BMW's all-electric i3 is one of the vehicles being offered by the company's new ReachNow car-sharing service.
COURTESY BMW

The carmaker BMW has made Seattle the launching pad for a new car-sharing service called ReachNow. It’s similar to Car2Go, and the city could allow still more companies to enter the market.

As KUOW’s Amy Radil reports, ReachNow says it plans other services as well. 

Kerry French at American Lake in Lakewood. She's campaigning for Sen. Ted Cruz in Pierce County.
KUOW PHOTO/Amy Radil

Kerry French, a Republican leader in Pierce County, campaigns for Ted Cruz, the presidential candidate, with a smart phone app.

Users earn “points” as they give information and get the word out. First comes a brief survey, which French demonstrated at a park in Lakewood, near her desk job at Camp Murray. 

“Would you describe yourself as evangelical? Yes. If I had to choose I’d probably say Tea Party-ish. Although Tea Party values are in our platform. So, Libertarian? Maybe a little.”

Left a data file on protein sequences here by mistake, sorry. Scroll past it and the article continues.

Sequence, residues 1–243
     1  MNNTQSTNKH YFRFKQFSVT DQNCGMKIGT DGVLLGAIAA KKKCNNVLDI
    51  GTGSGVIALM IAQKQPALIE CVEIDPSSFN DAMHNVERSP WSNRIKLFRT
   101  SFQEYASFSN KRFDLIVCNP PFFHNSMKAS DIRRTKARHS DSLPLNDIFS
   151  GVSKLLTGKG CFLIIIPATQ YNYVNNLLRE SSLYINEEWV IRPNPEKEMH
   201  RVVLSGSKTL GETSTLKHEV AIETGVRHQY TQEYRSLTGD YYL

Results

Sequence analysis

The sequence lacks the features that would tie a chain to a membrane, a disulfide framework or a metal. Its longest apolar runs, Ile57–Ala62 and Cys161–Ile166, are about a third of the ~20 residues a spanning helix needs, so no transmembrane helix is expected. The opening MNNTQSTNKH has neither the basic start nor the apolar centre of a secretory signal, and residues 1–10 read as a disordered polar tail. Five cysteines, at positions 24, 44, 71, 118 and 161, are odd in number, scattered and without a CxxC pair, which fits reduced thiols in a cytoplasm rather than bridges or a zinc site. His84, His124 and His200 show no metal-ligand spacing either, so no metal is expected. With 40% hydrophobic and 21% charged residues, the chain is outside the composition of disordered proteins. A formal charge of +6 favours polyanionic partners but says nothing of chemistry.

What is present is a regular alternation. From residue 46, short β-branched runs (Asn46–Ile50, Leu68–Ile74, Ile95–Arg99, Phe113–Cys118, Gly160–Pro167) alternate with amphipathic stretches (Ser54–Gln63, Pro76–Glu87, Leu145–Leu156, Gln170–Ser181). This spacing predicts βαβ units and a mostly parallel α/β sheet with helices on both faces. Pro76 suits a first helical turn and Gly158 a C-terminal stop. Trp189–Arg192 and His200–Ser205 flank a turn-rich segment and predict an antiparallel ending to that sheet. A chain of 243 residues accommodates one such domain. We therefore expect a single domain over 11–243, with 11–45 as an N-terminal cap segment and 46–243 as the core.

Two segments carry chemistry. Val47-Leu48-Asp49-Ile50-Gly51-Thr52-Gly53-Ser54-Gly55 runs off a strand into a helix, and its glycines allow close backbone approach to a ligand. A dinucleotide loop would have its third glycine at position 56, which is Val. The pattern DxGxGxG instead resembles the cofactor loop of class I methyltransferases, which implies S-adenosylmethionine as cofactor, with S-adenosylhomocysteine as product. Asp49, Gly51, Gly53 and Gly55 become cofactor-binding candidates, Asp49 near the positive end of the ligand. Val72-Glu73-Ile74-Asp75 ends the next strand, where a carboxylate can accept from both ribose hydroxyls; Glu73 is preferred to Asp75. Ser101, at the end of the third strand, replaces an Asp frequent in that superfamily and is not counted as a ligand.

Susan Lee Rahr, executive director of the Wash. State Criminal Justice Training Commission and a member of President Obama's Task Force on 21st Century Policing, being sworn in May 19, 2015, to testify before a House Judiciary Committee hearing.
AP Photo/Jacquelyn Martin

In 2014, Sue Rahr was plucked from her job running the state’s police training commission to serve on the President’s Task Force on 21st Century Policing. It allowed her to bring her new approach to police training before a national audience.

She said she felt like a kid getting promoted to the grownups’ table.  

Officer Stephanie Schendel asks the Whole Foods employee what the shoplifters stole.
KUOW Photo/Amy Radil

We met Bellevue Officer Stephanie Schendel last year, as she made her way through the Washington state police academy

Precinct volunteers count caucus votes at Martin Luther King Jr. Elementary School in Seattle on Saturday, March 26. Democrats turned out across the state to support Bernie Sanders or Hillary Clinton.
KUOW Photo/Amy Radil

Vermont Sen. Bernie Sanders defeated Hillary Clinton by a wide margin Saturday in Washington state's Democratic caucuses, according to party results.